The sting of this usage is certainly its appeal, yet the word is deployed with manufactured innocence, often by people who would never say fag. Willfully, they overlook its poison: "Spider-Man's so gay," they whined. "All he does is cry."
To which I wanted to shout: "He cried over the girl who broke up with him! What the hell do you think gay means?"
At Steven Eubank's gay-but-not-lame production of Zanna, Don't! later that night, I thrilled to everything those movie-theater fools were too scabbed-over to enjoy. Hope even blossomed: Bus enough folks to shows like this, and things might change — if not minds, maybe definitions.
The show — an Off Broadway smash by Tim Acito — is a gay fantasia by way of The Twilight Zone, a one-joke musical that's good for dozens of laughs and even some insight. Acito imagines a world of supreme gayness, one in which gay is the new straight. Men pair with men, women pair with women, and the captain of the football team takes the lead in the high school musical — in this case, one about whether heterosexuals should be allowed to serve in the military. Young men trot off together to do "guy stuff" — baking brownies and watching Ellen — and school librarians fight on behalf of books with titles such as Heather Has One Mommy and One Daddy.
Acito's great idea is to present gayness as sunny, sweet and utterly wholesome. Other than some tiresome business with a phallic magic wand, Zanna, Don't! is squeaky-clean, its innocent world what a gay Ronald Reagan might have imagined. Chucking out too-easy bawdiness for something akin to satiric nostalgia is a master stroke: Acito cheerfully forces audiences to reconsider the very idea of normal.
It's also great fun. Memorable songs — ranging from folk-pop to country to a dark disco ballad ripped from Dickens — come and go so quickly that the show might as well be a revue.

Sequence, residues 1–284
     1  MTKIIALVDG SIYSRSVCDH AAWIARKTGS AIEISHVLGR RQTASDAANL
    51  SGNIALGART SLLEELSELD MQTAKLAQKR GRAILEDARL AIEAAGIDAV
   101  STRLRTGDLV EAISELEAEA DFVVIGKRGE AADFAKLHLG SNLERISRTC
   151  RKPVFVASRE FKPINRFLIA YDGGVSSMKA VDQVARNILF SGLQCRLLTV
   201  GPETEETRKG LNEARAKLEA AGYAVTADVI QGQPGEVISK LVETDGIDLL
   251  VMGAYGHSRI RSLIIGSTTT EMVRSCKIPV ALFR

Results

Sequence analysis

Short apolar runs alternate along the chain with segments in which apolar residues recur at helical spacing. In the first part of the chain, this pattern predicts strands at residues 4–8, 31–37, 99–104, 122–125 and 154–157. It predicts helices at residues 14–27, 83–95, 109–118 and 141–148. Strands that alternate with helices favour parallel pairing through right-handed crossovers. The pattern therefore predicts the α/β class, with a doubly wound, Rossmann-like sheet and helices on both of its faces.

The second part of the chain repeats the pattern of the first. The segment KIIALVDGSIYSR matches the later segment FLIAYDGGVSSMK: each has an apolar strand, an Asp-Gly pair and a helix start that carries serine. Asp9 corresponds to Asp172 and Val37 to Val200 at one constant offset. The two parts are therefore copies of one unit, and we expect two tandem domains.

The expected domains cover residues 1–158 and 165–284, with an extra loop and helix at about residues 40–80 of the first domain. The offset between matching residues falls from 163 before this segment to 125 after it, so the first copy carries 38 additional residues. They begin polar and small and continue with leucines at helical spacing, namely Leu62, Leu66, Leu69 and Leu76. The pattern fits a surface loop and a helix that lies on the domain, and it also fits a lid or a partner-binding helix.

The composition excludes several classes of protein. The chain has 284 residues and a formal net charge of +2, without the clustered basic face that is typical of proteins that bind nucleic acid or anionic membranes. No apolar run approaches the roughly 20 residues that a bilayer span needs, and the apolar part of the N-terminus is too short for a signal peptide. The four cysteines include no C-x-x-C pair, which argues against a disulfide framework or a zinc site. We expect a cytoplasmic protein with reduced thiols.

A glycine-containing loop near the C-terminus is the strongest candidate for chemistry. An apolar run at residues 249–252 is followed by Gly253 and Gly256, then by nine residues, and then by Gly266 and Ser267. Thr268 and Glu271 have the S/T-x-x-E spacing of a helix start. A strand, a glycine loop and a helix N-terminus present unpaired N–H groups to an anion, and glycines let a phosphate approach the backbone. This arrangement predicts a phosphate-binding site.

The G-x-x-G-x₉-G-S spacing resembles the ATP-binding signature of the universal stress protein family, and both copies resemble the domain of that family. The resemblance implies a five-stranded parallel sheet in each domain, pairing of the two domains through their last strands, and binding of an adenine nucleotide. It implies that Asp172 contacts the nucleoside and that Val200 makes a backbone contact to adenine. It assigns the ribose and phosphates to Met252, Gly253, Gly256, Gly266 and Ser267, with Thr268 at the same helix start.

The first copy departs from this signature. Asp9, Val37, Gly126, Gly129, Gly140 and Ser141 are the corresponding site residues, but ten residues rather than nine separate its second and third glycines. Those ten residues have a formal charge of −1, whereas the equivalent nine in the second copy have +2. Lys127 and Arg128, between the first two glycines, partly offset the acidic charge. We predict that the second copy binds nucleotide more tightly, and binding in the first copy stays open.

Lording delicately over all this is Zanna, a matchmaking "love sleuth," played by the sensational Justin Van Pelt. Each morning, a bluebird flits through Zanna's window and tells him who in the world needs to find love; then, Zanna dresses like David Bowie as a figure skater and pairs off his classmates. Van Pelt skims through the show like a firefly through a June dusk, all lit and lovely and somehow bittersweet, too. We know that Zanna's paradise, like June nights, won't last.
Eubank's productions have been increasingly professional, but Zanna, Don't! is a retreat after last year's crisp Rocky Horror. The show I attended started 20 minutes late and was plagued by sound problems, offstage scrapings and colliding dancers. Kendra Burke's choreography is inventive, though sometimes too much for the ragged (but enthusiastic) cast. The exceptions: Van Pelt and Spencer Brown; the latter mugs with distinction in a featured ensemble role. Eubank's direction is mostly a parade of pleasures, but a climactic prom sequence is curiously flat. Still, even if some bits never take flight, Zanna, Don't! is jubilant, invigorating and even somewhat important. If gay is always this much fun, maybe the kids will shift back to saying retarded.